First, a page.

Oil prices jump as U.S. crude stocks fall, Middle East worries add support
Sydney. Oil prices rose more than 1% on Wednesday to their highest in nearly a month as industry data showed U.S. crude stockpiles fell more than expected, underpinning a market already buoyed by worries over a potential U.S.-Iran conflict.
Front-month Brent crude futures, international benchmark for oil, were up 1.3% at $65.91 by 0341 GMT. They earlier touched their highest since May 31 at $66 a barrel.
U.S. West Texas Intermediate (WTI) crude futures were at $58.98 per barrel, up 1.8% from their last settlement. WTI earlier hit its strongest level since May 30 at $59.03 a barrel.
Analysts said the gains were mainly driven by American Petroleum Institute (API) data showing a fall in U.S. crude inventories, informs Reuters.
U.S. crude stockpiles fell by 7.5 million barrels in the week ended June 21 to 474.5 million, compared with analyst expectations for a decline of 2.5 million barrels, the data showed. Crude stocks at U.S. delivery hub Cushing, Oklahoma, fell by 1.3 million barrels.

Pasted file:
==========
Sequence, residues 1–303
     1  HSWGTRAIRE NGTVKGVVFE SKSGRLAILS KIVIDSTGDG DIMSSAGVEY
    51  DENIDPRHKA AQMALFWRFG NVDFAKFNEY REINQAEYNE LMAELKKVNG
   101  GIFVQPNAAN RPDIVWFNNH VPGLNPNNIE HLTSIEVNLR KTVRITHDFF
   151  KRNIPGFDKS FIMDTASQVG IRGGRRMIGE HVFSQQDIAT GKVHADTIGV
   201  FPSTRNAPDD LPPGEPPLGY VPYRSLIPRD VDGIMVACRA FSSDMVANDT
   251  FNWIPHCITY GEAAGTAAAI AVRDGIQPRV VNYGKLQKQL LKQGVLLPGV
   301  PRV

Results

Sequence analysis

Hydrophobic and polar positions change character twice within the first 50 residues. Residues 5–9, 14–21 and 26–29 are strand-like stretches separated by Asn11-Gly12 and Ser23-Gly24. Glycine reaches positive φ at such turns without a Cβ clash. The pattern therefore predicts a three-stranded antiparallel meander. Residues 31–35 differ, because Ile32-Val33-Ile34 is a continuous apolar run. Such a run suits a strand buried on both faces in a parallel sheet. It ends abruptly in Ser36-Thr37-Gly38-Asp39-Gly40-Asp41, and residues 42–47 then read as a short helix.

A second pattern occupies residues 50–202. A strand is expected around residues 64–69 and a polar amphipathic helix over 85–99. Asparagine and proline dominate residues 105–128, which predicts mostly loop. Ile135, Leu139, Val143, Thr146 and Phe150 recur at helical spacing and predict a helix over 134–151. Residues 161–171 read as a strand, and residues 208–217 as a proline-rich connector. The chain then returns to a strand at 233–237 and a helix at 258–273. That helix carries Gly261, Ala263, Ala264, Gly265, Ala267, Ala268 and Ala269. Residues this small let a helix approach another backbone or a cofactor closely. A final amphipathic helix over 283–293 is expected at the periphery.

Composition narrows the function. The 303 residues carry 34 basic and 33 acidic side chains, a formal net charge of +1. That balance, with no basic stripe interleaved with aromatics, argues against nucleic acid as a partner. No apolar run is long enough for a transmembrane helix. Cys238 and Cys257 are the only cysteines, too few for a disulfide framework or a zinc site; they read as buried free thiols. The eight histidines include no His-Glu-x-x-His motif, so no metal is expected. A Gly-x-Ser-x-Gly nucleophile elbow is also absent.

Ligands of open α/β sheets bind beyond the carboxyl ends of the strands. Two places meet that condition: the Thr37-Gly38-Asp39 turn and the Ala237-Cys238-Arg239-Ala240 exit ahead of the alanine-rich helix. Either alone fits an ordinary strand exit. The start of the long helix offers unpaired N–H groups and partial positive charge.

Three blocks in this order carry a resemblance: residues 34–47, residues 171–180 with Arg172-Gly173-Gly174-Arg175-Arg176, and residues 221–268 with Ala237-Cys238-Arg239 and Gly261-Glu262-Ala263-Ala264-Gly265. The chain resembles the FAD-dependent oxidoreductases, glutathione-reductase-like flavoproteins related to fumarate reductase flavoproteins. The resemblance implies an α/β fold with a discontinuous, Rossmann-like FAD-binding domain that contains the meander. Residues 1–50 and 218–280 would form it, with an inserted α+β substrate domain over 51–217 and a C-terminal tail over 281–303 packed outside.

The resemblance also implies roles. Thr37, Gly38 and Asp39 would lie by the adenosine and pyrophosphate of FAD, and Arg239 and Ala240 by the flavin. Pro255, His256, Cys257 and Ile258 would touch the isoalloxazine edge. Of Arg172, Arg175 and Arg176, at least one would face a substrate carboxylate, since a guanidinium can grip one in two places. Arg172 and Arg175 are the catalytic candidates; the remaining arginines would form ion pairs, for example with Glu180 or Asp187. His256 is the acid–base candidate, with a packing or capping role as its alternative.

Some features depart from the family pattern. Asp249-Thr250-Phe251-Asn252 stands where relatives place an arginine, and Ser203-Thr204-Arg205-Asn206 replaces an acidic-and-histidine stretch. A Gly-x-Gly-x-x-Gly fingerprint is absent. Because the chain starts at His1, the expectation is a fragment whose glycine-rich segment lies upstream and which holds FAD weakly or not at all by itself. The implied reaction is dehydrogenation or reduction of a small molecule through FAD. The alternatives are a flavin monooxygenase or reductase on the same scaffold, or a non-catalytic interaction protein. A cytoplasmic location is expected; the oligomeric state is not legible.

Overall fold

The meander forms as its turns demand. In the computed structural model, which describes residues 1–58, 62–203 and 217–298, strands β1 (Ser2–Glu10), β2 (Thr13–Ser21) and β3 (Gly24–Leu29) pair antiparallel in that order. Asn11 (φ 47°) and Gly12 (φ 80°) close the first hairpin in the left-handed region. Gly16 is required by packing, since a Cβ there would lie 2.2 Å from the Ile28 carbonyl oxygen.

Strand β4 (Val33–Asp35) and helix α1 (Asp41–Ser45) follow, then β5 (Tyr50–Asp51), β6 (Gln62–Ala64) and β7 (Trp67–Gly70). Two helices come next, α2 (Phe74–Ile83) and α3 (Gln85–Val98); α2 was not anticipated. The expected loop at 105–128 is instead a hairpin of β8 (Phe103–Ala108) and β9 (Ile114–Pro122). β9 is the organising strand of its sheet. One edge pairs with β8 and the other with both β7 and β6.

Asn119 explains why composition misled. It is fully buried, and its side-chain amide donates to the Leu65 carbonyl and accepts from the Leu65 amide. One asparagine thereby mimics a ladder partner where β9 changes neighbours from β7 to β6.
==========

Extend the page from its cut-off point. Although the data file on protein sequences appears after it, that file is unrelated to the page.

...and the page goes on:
“Oil prices went ballistic after the API report,” said Stephen Innes, a managing partner at Vanguard Markets.
“Oil prices have been squeezing higher on escalating tensions in the Middle East. But with late-day draws showing up in the API report, this is a strong signal for the energy market,” Innes said.
The data came as traders watched for any signs that tensions between the United States and Iran could escalate into military conflict.
U.S. President Donald Trump threatened on Tuesday to obliterate parts of Iran if it attacked “anything American”, in a new war of words with Iran. Tehran has condemned a fresh round of U.S. sanctions as “mentally retarded”.
Bilateral tensions between the two have spiked anew after Iran shot down a U.S. drone last week in the Gulf. Relations have been tense since Washington blamed attacks on oil tankers just outside the Gulf in May and June on Iran, while Tehran has repeatedly said it had no role in the incidents.
Conflict between Washington and Tehran has stoked fears that shipments passing through the Strait of Hormuz - the world’s busiest oil supply route - could be disrupted.
Seeking to calm a nervous market, the head of national oil company Saudi Aramco said on Tuesday the company can meet the oil needs of customers using its spare capacity.